Editor’s Note: To help you dominate your rookie drafts, this series will feature a look at the strengths, weaknesses, opportunities and threats of over 40 dynasty rookie draft prospects and run all through the month of May and even into June. We’ll cover all the premier prospects but also give you critical information on some of the lesser known talents. All of these rookie updates will be loaded into our ever-evolving 2018 Rookie Draft Guide – the ultimate resource for dynasty enthusiasts all over the world.
Name: Jordan Wilkins
Position: Running Back
Pro Team: Indianapolis Colts
College Team: Mississippi
Draft Status: Round Five, Pick 32 (169 overall)
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- Bench Press = 16 reps
- Vertical Jump = 36.0
- Broad Jump = 117.0
- 20-yard shuttle = 4.27
- Height = 6’1″
- Weight = 216 pounds
- Hands = 9 3/8″
- Arms = 30 1/8″
- Good size and speed combination
- Has very fluid hips and feet
- Patient runner who lets his blocks develop
- Averaged 7.1 yards per carry against SEC competition and 6.5 overall
- Has one-cut and go running qualities
- Exhibits nice footwork
- Vision is above average
- Isn’t worn down as a runner due to limited college carries
- Had multiple long gains as a runner, including at least a ten-yard carry in 11 straight games to finish his career
- Doesn’t seem to play to his size
- Tries to bounce too many runs to the outside in order to avoid contact
- Has a tendency to struggle in pass protection
- Goes down on first contact far too often
- Arguably too patient at times
- Hard to truly evaluate with just 279 career carries
- Not highly regarded as a pass catcher after posting just 32 career catches in three seasons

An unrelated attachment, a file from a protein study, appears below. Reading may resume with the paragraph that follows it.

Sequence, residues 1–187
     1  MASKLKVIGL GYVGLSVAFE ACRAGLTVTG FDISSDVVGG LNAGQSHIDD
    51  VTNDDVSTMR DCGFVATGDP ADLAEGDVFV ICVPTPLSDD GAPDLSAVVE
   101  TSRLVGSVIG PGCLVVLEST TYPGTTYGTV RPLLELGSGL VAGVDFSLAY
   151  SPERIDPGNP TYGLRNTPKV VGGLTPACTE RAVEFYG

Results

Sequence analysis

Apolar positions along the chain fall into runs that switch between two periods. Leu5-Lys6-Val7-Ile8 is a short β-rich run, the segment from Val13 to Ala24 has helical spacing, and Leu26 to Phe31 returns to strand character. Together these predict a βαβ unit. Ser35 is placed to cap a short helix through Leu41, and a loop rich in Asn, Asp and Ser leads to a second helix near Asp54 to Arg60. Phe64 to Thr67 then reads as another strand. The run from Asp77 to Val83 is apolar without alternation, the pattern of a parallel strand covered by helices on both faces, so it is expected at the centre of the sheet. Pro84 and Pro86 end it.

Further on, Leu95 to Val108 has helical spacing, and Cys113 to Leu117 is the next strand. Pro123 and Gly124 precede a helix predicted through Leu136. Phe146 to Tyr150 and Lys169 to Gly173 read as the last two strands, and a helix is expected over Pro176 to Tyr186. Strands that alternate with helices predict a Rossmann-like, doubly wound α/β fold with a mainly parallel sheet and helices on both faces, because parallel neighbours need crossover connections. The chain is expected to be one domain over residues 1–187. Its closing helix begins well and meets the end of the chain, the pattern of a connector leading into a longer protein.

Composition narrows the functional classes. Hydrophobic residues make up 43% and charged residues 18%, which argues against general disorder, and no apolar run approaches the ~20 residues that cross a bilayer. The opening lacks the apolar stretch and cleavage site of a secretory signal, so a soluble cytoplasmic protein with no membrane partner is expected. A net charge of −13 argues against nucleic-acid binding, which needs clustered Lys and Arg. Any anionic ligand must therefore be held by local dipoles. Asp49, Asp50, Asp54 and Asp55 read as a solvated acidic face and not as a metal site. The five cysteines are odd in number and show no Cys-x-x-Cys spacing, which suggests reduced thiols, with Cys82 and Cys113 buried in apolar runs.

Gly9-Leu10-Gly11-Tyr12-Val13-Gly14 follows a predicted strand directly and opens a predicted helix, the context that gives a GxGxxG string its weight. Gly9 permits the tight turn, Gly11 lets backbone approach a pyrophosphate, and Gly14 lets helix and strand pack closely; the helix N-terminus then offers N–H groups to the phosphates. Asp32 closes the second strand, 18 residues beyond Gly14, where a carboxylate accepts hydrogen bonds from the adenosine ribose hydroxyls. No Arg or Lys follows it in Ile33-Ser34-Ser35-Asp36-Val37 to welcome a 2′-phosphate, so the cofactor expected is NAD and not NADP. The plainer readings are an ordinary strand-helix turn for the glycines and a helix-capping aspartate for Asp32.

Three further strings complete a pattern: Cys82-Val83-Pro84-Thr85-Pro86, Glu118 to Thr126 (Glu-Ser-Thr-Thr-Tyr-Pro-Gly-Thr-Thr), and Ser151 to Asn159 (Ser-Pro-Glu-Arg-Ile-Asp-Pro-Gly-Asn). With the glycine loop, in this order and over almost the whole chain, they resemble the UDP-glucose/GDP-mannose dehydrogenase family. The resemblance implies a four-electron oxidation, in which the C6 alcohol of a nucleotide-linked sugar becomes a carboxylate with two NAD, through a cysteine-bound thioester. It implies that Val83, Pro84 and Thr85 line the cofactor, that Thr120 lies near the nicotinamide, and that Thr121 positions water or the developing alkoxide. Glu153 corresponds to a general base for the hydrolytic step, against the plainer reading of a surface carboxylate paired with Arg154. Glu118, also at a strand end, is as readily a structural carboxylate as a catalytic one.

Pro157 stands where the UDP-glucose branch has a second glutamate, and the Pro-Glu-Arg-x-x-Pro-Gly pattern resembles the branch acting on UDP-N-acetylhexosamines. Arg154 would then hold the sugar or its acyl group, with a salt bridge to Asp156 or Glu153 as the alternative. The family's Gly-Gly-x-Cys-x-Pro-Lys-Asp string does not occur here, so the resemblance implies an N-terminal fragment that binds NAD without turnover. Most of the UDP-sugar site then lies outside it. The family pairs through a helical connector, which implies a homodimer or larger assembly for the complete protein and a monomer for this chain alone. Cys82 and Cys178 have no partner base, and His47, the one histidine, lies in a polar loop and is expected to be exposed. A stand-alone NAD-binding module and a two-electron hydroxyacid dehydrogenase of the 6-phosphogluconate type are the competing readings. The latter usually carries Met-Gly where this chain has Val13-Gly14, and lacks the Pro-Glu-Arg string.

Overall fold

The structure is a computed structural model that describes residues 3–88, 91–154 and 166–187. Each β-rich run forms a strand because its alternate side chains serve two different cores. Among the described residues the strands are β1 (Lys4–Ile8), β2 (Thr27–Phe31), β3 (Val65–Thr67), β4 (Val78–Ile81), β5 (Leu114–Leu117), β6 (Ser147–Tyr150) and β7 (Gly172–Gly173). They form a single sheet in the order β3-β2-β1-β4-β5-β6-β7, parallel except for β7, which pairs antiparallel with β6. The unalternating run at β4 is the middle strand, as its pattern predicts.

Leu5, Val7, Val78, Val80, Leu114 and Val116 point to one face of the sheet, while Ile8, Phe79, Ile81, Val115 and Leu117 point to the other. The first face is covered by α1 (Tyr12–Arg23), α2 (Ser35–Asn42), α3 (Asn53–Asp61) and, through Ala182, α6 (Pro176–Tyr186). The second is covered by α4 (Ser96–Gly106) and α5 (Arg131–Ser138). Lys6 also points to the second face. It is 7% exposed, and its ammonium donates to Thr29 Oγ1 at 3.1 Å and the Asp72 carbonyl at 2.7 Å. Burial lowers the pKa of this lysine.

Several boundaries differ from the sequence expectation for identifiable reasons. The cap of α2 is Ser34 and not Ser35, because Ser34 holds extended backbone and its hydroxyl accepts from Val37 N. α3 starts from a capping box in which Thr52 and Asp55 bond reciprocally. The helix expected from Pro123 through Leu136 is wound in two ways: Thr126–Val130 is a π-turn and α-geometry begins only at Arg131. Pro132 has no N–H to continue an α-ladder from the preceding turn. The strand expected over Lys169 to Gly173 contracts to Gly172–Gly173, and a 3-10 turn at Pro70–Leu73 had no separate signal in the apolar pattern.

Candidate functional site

- Never carried the ball more than 20 times in a single game making durability and endurance a concern
Wilkins finds himself in a great spot as a late round pick. The Colts were rumored to be interested in many running backs leading into the 2018 NFL Draft but passed on all the highly regarded ones (likely wisely) in order to shore up their offensive line problems. With a depth chart featuring Marlon Mack (unproven), Robert Turbin (aging and pedestrian), Nyheim Hines (also a rookie) and Christine Michael (don’t get me started), the path to carries is wide open. While Mack will certainly get the first shot at the starting job, Wilkins should be able to make his case to stick around with a strong Summer and preseason. It’s not far fetched at all to see him seize the starting job if the other running backs are less than impressive going into the season. While that’s certainly not something to bank on and highly unlikely, Wilkins has a chance and that’s about as much as you could hope for when you’re drafted this late. In short, there are few teams out there with a more dire need than the Colts at the position and Wilkins can carve out a role if he shows well.